I took them both for granted…

And now they’re gone. 

Our elder counsels a letter writer who wants to turn her grief into something good.

Dear EWC

Hi Elder Wisdom Circle. Thank you for taking the time to read this. I don’t even really know what kinds of advice I’m seeking. Last year, I lost my grandmother to illness and one of my best friends to postpartum suicide within two months. They were pillars in my life and my biggest supporters. And I took them both for granted. Now it’s too late to tell them how much I love them and how much I value their wisdom. It’s been almost a year, and I’m doing much better with grief, but it still hurts. How do I turn this loss into something good?

Ms.Mary replies

I’m so sorry for your loss. The death of two beloved ones over such a short period is incredibly heartbreaking and difficult to cope with. There is nothing harder than dealing with the death of those we love. It’s encouraging that you are beginning to do better.

You ask an excellent question: How do you turn this loss into something good? That question in itself is a very positive step. You are wise to understand that it is quite possible and necessary. It requires looking at their deaths and lives differently. 

Trust that they both knew and still know how much you loved them and valued their wisdom. They didn’t need to hear those words. They could feel that – and still do. They loved you. The last thing they would want is for you to be hard on yourself and to have regrets. Wouldn’t you want the same thing if the situation was reversed? You’d feel awful if you died first, and they felt terrible because they didn’t tell you how much they loved you.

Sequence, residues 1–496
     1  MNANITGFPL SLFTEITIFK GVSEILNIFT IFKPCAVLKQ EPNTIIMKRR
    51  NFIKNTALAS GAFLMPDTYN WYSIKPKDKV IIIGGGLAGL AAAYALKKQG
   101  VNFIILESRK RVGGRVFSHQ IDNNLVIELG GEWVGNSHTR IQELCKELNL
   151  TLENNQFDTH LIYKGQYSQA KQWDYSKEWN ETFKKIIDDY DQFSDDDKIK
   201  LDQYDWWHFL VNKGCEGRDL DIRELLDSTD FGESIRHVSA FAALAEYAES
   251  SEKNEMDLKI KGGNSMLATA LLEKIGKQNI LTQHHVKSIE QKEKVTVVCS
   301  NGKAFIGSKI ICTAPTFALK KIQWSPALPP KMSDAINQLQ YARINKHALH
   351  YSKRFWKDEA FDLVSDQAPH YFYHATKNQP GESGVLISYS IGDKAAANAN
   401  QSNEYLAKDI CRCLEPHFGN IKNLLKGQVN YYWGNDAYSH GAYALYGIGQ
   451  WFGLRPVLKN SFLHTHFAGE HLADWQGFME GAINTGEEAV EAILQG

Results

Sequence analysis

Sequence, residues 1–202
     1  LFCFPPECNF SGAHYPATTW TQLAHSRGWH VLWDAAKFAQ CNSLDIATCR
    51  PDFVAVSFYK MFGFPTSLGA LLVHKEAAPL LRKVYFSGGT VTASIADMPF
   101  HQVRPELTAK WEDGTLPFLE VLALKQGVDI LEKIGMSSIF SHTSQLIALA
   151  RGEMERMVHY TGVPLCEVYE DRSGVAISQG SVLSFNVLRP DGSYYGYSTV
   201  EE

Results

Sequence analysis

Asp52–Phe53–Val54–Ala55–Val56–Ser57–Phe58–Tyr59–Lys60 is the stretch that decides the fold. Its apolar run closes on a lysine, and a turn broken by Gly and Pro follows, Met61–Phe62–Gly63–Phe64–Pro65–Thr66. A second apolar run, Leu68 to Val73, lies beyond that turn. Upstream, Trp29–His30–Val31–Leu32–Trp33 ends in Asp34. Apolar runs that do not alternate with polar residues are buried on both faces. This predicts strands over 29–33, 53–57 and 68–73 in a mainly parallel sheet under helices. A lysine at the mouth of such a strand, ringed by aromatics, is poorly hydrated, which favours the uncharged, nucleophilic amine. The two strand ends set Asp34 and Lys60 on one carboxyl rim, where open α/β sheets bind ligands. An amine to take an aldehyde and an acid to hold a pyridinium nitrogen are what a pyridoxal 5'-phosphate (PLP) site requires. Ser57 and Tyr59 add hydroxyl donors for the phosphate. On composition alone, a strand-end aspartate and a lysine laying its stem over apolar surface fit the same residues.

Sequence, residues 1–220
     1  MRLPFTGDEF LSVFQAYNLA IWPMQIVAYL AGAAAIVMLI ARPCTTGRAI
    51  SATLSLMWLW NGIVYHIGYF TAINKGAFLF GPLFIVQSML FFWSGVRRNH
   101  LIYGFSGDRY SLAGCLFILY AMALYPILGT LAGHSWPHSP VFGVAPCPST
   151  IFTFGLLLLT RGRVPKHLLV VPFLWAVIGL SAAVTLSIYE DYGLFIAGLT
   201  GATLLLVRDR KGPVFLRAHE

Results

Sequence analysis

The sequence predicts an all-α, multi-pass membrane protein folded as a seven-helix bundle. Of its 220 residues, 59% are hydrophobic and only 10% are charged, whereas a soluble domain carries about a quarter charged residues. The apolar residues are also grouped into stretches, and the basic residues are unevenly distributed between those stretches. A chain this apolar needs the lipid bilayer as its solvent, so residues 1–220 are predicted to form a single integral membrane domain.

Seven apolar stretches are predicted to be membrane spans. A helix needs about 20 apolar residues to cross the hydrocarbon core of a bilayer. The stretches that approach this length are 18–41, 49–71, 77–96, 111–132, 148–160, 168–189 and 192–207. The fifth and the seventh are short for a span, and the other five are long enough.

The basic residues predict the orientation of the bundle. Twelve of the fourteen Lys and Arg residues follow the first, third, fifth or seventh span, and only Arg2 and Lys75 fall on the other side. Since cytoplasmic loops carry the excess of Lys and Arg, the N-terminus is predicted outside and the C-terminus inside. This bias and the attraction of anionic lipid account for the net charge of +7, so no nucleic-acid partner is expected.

Every one of us will die. Who is to say that we aren’t still connected to our loved ones on an energetic level?  Even though my parents and younger sister have passed, I still talk to them in my mind. I imagine them being with me and experiencing feelings of intense love. I ponder what I’d say to them if they suddenly appeared, but then I realize there are no words – that feeling of love is so powerful – words aren’t necessary. I also focus on the good memories – keeping them alive in my heart. They are still a part of me and always will be.

I recommend you do the same. You might write each letter expressing your love and favorite memories. My brother-in-law asked me to talk about my sister at her Zoom memorial. At first, I said no, that I couldn’t – that it was too painful. However, I changed my mind. Every time I wrote about her for the memorial, I sobbed, but that was quite cathartic. So many of the memories made me smile. In the long run, it helped me to move forward positively. It provided closure – yet helped me realize we will always be connected.

Your desire to turn your losses into something good makes all the difference. That’s the most important step, and you are already headed in the right direction. I hope my advice is helpful. I’m here for you if you’d like to talk further. I’m sending lots of good thoughts your way, dear. I’ll close with two quotes:

“Death ends a life, not a relationship” – Mitch Albom 

“As long as we live, they too will live, for they are now a part of us, as we remember them” – Proverb

Article #: 496036
Category: Other

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